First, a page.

The field of riders thunders after the pack, following signals both shouted and blasted through Dale’s horn. A few riders drop out of any race, first excusing themselves to the huntmaster. Those who remain commonly reach speeds up to 20 miles per hour, fused with the animals who must take hills and jumps in stride. The action can last two minutes or two hours before it repeats again, with two or three chases filling a morning.
Coyotes usually are the object of those chases. Red and gray foxes do live in San Diego County’s back country, but they’re rare; Polonitza says he’s only seen two in his six years of hunting. Dale says the coyote can run much faster than the fox, plus he’s stronger and can keep up the pace for longer distances. Yet the hunters yearn for the fox, and Dale explains; “The fox is more cunning; he’s really smart and he knows all sorts of tricks. Man’s hunted with hounds for 3,000 years and it’s the fox that’s always made the sport."
The foxhunters stress that the object is not to kill the creatures. They say in eight years they’ve chalked up only one coyote death, and that was accidental. The hounds are controlled by keeping them “fit but fat," according to the huntsman. “The coyote is out there foraging for food, but these dogs get dog food every day and they’re just no match for him; they simply can’t keep up with the coyote if he really wants to get away.” The huntsman tells tales of coyotes running circles around the dogs, of two coyotes taking turns leading the pack; and he talks in a tone of respect. “The coyote is such a noble beast. He lives off his strength and he knows every corner of the country. He’s got everything going for him.”
Should the hunted animal be caught, the pack will tear him apart, a prospect which the foxhunters genuinely seem to want to avoid (even though the sport does include an elaborate ritual for dealing with the dead animal, including anointing the riders’ foreheads with its blood). The question of cruelty haunts the riders and Polonitza confronts it. “We’re not out there with guns or bows and arrows. In actuality, we’re on an even par with them. Their cunning is sharper than ours. I’ve seen coyotes wait for us at the crest of a hill, just sitting and waiting and looking at us. So you've got to assume they must enjoy it, in some sense.”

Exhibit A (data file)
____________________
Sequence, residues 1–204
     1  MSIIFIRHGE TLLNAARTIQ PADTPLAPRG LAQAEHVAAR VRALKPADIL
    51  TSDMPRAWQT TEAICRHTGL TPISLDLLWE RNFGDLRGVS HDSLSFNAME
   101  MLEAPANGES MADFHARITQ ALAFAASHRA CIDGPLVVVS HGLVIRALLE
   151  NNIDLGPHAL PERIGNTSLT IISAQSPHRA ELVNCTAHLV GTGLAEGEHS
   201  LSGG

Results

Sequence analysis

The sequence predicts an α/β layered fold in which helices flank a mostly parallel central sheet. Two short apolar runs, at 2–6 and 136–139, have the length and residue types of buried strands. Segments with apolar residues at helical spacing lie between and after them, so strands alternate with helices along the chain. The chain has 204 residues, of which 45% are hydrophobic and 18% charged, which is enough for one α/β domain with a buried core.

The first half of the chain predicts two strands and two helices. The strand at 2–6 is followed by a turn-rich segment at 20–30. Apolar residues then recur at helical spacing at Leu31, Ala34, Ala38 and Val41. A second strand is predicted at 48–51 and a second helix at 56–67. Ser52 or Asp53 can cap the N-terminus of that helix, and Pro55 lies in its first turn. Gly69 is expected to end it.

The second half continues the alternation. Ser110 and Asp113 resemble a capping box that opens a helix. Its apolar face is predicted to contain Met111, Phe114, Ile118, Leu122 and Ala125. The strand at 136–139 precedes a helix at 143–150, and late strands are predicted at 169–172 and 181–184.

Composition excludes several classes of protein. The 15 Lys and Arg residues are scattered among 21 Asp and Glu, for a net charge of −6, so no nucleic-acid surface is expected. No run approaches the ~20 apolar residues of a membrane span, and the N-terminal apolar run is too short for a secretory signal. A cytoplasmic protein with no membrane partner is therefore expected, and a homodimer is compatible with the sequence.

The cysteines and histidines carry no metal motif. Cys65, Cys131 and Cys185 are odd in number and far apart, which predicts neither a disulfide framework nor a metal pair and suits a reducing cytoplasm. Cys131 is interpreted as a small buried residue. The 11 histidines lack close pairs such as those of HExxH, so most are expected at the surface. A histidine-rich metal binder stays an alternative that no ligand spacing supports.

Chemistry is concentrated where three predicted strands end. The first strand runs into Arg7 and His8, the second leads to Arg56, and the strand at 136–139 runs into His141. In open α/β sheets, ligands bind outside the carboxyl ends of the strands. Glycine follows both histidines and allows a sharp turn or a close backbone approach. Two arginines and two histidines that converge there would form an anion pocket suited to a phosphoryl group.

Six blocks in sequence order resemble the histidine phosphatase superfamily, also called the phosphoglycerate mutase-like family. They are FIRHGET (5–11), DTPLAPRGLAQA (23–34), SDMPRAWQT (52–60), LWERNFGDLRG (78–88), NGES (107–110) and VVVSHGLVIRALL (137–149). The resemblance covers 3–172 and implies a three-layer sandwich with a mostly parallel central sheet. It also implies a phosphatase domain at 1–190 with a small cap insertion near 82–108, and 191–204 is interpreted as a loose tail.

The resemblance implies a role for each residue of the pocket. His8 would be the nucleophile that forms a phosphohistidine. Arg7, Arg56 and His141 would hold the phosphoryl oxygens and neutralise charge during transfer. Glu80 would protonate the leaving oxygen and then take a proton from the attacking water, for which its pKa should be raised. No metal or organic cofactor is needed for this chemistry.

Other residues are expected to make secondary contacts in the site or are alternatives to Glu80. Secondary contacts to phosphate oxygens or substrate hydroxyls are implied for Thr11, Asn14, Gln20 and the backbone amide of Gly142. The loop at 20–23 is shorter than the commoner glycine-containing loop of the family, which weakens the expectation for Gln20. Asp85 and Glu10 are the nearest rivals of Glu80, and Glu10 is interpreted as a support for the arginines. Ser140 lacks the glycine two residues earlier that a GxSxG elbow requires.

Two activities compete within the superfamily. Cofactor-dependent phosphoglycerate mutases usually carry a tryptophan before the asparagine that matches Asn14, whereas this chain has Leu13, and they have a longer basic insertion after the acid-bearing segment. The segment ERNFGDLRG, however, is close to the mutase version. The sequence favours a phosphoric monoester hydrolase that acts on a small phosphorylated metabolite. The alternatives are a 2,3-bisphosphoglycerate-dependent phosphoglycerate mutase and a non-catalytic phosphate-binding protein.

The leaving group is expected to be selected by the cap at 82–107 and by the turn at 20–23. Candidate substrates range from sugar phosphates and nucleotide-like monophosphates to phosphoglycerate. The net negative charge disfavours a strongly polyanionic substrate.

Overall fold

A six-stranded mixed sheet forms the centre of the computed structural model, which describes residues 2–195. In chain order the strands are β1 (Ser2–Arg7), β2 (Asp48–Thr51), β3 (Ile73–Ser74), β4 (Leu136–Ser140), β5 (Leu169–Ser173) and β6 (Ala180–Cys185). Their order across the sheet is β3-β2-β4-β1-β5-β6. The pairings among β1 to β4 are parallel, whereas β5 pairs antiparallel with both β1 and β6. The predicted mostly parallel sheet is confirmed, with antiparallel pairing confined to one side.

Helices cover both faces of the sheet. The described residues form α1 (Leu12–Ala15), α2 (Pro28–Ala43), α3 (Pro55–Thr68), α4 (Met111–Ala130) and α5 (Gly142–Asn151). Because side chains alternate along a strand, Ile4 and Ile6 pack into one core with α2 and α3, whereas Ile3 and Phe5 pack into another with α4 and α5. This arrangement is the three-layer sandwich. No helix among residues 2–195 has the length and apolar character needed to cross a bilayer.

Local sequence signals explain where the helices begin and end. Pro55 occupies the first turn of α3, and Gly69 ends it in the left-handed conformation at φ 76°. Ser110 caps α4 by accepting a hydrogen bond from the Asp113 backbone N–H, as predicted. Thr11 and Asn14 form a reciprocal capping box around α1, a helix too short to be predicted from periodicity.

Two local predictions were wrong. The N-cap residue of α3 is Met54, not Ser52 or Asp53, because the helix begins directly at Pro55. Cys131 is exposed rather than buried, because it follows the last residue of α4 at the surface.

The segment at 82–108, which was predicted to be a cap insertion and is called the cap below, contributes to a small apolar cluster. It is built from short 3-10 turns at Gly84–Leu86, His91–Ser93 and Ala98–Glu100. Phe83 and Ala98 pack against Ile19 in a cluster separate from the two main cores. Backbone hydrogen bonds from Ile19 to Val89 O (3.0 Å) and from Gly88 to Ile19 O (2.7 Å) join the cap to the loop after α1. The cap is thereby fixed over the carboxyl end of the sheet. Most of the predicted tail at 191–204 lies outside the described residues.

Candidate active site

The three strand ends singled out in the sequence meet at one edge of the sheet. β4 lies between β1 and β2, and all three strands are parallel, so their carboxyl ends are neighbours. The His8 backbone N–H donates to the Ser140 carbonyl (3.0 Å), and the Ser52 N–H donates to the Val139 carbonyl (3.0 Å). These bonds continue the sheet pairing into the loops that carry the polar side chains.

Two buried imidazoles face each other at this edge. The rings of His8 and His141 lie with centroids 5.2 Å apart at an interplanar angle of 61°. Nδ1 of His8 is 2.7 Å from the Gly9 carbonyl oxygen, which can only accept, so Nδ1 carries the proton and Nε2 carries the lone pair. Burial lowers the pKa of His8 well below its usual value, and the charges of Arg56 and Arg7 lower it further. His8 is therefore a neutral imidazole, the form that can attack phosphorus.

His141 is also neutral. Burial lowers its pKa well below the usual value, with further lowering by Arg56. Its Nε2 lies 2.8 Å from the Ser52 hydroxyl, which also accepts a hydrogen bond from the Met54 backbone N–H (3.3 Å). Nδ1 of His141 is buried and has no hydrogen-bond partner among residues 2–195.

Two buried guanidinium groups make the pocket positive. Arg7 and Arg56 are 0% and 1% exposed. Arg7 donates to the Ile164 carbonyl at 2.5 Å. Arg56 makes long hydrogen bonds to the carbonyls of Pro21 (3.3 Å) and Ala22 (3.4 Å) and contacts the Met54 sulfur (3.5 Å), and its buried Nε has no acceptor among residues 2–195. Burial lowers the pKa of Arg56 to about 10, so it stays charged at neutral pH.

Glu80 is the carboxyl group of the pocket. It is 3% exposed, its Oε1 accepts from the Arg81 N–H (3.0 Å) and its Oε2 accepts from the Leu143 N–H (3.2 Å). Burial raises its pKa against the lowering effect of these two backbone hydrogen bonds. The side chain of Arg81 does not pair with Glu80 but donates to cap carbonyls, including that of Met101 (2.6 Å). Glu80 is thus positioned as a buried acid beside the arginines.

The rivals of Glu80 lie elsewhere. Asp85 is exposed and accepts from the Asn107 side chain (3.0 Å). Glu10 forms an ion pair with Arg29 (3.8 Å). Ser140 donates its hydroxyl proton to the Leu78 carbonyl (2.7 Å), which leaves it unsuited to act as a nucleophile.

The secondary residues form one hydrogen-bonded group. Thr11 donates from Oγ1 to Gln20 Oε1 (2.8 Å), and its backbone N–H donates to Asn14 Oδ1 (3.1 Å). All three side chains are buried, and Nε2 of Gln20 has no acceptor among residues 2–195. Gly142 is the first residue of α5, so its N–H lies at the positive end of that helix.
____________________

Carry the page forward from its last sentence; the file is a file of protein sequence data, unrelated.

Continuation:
The danger of the ride itself can discourage even some of the most accomplished show-ring riders. Polonitza downplays the hazards, however. “Sure, you get your people who say ‘There might be a squirrel hole out there. What if your horse stepped in it. What if this or that happenedT But those people also never would make cowboys. To my way of thinking, this is the most natural kind of riding there is. This is the way horses were meant to ride. And after just a few days of it, they fall into a natural pace. They really kind of come into their own."
The gut-grabbing. galloping thrill of the hunt, the sense of never knowing where a chase will lead, the cooperative union of men and horses and hounds all form the heart of foxhunting's appeal, an allure which Polonitza is betting will create more devotees through exposure alone. That allure has to be intense, since regular .club members have to lay out $350 in dues each year, not to mention the costs of apparel and associated horse expenses. For the money, however. Polonitza says they drink deeply of an experience which can't much longer grace the earth.
“That’s why I'm hunting so intensely now,” he says. “With more and more people, the space is going, and without the space you can’t hunt.l was out in the ring today, and I was bored. Showing your horse is fine for some people, but I don’t need a ribbon to tell me how well I can jump. I prove it every time I get out there and hunt. "